“What we really needed was a central location where families who are in rural areas can get services for their kids. With me not traveling, our 4-year-olds are able to be here from 8:30 a.m. to 2:30 p.m.,” Stolfus said, where before, children may have been getting three hours of instruction.

Russell said the program is stronger now.

“The students have more opportunity to learn routines, and the social factor, it brings them all together,” Russell said.

There are also plans to expand the building. Outside the cooperative, Russell walked over to an adjacent lot where a playground is located.

“Originally when this property was bought, it was bought with the intention of being a preschool [building] on this lot,” Russell said, estimating that was a decade ago.

The cooperative, which receives state grant funding, has budgeted around $450,000 for the expansion.

“I took over in July. In June, this was already supposed to be up and going,” Russell said about a preschool building, but when she arrived she learned that the project was on hold for a combination of reasons. “We met with the builder to find out what was happening. Evidently, plans had actually been in the works for quite awhile, but the cooperative management team hadn’t been able to come to a complete decision with all in agreement.”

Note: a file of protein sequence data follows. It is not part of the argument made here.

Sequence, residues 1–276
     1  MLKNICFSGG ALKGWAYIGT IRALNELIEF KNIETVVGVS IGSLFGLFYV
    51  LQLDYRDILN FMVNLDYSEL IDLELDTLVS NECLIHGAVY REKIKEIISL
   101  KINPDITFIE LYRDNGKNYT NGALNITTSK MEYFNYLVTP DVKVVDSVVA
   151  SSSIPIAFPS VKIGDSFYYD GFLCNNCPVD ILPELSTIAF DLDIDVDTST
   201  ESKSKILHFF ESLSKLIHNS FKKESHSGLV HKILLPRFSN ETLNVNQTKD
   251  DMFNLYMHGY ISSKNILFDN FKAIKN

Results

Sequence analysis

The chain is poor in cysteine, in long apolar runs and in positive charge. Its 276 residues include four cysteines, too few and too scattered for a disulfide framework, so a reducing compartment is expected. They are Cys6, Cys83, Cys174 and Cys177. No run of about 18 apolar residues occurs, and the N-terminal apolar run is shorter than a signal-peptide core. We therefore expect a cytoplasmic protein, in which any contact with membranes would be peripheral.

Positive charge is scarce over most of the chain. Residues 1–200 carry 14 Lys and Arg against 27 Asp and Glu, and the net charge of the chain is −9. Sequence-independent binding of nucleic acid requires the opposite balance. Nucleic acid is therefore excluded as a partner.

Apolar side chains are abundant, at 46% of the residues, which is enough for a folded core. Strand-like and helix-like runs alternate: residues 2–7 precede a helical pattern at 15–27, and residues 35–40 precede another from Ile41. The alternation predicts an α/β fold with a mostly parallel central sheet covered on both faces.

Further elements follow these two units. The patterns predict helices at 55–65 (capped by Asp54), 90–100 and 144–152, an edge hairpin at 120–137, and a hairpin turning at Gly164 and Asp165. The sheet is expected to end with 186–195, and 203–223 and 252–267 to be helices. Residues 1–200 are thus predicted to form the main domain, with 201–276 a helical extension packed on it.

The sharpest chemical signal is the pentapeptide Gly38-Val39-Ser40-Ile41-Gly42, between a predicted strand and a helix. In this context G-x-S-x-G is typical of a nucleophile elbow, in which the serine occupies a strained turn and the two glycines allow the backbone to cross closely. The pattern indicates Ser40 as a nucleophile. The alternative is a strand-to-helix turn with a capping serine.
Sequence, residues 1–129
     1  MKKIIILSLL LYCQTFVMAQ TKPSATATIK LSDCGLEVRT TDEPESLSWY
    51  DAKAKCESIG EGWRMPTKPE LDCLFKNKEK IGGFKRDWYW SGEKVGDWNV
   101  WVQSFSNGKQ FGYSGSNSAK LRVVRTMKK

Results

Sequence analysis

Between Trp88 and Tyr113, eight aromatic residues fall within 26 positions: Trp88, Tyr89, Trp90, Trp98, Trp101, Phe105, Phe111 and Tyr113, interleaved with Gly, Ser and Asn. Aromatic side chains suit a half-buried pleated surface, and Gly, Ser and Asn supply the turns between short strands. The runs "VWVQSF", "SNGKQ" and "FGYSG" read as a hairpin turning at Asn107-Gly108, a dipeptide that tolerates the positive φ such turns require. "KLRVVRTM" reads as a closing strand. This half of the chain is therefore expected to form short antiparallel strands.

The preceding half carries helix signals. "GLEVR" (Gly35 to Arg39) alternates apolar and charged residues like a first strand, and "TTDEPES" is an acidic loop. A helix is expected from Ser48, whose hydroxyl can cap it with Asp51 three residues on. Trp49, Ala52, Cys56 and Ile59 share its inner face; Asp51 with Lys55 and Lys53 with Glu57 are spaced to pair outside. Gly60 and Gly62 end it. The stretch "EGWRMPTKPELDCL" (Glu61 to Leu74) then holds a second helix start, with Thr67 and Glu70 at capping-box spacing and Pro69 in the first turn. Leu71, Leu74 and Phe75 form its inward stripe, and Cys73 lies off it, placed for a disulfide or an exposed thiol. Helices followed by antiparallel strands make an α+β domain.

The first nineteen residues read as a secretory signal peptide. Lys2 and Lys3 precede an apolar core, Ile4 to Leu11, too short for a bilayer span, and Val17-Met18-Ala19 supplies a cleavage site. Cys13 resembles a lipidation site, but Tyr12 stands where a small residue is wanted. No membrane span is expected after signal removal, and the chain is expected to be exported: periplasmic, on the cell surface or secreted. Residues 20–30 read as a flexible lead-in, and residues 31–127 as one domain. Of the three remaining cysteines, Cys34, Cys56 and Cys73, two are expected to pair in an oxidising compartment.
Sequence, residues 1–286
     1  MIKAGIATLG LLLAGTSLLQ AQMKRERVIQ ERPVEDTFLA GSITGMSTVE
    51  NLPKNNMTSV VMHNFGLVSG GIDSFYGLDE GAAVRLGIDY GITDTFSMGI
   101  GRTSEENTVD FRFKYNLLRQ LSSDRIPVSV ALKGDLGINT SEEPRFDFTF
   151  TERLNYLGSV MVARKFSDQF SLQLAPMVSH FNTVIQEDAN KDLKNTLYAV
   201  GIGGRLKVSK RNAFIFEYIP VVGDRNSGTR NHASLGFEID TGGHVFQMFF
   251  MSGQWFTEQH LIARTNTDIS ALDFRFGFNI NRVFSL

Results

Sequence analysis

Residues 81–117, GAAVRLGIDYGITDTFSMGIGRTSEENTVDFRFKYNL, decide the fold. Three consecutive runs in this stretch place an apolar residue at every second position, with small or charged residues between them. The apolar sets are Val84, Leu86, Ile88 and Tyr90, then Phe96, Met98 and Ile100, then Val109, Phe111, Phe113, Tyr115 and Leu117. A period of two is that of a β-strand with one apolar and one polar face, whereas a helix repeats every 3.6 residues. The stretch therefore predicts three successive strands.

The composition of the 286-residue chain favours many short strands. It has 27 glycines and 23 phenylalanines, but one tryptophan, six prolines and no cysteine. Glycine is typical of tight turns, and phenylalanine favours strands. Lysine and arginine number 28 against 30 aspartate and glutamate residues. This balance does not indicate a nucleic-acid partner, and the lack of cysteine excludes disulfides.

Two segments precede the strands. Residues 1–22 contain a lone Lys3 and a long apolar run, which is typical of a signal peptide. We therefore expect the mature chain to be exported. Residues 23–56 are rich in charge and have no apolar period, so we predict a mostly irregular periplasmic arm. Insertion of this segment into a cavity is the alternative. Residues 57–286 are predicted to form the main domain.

Ironing out details takes time when working with 16 school districts, she said, and building right now may be cost-prohibitive.

“Everyone wants what’s best for our kids,” she said, adding that another roadblock to starting construction have been changes in city regulations and zoning.

“We’re looking at all options,” Russell said, even to the possibility of relocating to a different property.

For now, staff makes the best of the current location, according to Russell.

On Thursday, the preschool classroom is bustling with activity. In a kitchen play area, a child served up slices of a toy birthday cake with teacher Megan Glascock looking on.

“So they’re working on fine motor skills and gross motor skills as well,” Glascock said.